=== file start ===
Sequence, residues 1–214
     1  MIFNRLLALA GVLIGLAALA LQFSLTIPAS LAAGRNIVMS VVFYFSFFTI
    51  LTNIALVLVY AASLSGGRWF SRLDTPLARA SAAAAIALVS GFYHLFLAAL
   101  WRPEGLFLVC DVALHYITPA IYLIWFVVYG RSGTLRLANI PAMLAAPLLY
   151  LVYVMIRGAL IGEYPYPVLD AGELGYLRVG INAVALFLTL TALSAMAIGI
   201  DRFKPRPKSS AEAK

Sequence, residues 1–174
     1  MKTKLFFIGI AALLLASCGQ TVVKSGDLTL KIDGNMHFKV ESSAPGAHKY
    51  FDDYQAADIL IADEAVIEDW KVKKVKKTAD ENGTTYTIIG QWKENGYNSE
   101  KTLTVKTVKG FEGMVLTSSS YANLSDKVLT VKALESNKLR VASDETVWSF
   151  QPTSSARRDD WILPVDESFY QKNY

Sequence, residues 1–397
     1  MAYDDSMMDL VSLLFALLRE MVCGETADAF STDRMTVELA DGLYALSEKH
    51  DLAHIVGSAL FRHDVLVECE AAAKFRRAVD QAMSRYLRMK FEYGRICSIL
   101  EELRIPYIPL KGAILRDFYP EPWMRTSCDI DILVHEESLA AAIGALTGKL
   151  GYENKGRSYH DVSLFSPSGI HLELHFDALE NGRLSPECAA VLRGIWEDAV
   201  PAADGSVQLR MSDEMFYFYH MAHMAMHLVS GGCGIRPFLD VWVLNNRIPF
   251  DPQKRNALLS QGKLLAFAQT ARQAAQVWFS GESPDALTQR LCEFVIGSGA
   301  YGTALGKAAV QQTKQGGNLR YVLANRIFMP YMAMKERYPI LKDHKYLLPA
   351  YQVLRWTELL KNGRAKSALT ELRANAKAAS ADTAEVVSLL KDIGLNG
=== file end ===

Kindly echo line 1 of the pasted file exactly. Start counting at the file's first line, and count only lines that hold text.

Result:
Sequence, residues 1–214